Sensei  with permission from author Steve McClure, originally written July 30, 2012

The word Sensei is a Japanese word and simply means “teacher”. But to the Japanese, a teacher commands great respect. I remember listening to a famous Japanese Aikido (way of harmony) Master and his most important piece of advice to train successfully was to first find a good teacher. Jen Gaudes - Raemisch has been my sensei, in all things horse, for many years. Jen’s a wonderful teacher, funny, totally unflappable and a fantastic horse person. She continues to add to her knowledge by attending seminars and takes classes to improve her skills in multiple equine disciplines. I always kid her that she has the equivalent of a black belt in Horse Kwon Do.  She has forgotten more about horses then I will ever know.

She is also a stickler for safety. At her barn (Sun Fire Stables) the aisle floors are always kept clear and clean. The gates are kept secured and reins and lead ropes never touch the ground. Tack is kept in good condition as well as properly secured when in use and the health and well-being of both rider and horse is closely monitored.

She sees everything. She can tell you are missing a stirrup strap from 100 feet away in the dark and it’s on the side opposite of her view!  I once texted her a picture of me on a horse as I was trailing cattle in South Dakota. It was a beautiful day. The grass was green and the sky was a deep shade of blue. The picture showed the herd directly in front of me and my horse's head happened to be included in very bottom of the picture. She texted back that the picture was indeed beautiful but that the strap of my headstall was not in its keeper and I looked down and it wasn't. Busted from a thousand miles away! Don’t get me wrong. I agree with her approach. It’s her business and she has to keep it safe for all concerned.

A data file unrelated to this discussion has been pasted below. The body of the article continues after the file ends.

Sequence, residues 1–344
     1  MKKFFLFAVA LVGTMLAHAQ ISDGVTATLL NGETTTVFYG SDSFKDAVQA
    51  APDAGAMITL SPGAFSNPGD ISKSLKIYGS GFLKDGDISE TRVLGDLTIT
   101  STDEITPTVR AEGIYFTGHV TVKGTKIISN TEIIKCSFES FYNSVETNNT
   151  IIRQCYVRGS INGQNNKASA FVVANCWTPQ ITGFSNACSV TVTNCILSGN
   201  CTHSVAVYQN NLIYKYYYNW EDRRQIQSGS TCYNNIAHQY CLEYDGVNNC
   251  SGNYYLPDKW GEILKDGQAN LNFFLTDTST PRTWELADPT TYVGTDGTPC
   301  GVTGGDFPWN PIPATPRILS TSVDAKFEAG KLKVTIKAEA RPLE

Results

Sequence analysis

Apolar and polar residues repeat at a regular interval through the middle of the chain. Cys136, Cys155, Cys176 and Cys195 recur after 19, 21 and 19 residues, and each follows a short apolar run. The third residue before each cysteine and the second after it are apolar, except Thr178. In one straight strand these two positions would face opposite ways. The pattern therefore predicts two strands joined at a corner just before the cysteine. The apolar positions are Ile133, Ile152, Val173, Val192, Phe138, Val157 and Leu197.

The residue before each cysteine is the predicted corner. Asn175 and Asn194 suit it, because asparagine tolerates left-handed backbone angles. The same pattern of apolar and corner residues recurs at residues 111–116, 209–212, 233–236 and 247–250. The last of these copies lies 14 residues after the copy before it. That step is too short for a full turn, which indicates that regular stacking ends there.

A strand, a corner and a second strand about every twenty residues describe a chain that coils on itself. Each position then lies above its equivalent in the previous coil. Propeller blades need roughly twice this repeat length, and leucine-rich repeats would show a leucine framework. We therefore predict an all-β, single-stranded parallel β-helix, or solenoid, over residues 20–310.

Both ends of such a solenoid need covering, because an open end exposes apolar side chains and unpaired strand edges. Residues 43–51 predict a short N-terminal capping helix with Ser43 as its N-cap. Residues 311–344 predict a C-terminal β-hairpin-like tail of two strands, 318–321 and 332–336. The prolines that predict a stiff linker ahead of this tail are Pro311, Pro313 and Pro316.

THE OFFENDING PHOTO:

Busted Horse Strap image

Riding a lot in the West I have noticed that people often do things differently out there. A working ranch can be a very busy place without the liberty or luxury to observe the strict safety concerns of a student barn. When I am working as a hand it is not up to me to critique the methods employed but it is safe to say that I will not do anything I consider dangerous. Eventually I do find myself cutting corners to get the job done but that “Jen alarm” goes off in my head whenever I do or see things that would not fly at my home barn.

When I’m on the ground I was taught early on to hold the reins so you don’t lose the horse. It’s embarrassing to chase your mount down or have someone get him for you and hand him back. We’ve all seen dropped reins and it can be dangerous for the horse, their mouth and any bystanders. Typically if I am on the range with my own rig I have a rope halter under my bridle with a lead rope attached to my saddle. If there is a need to stop and dismount for any length of time I can unbridle the horse and tie him with the lead rope to a tree or some other object.  I was also taught to tie high and tight to prevent the horse from stepping over the lead rope and causing a potential wreck and I've seen those as well. But out West I have been instructed to tie longer so the horse can graze. I do what I am told but my “Jen alarm” still goes off in my head.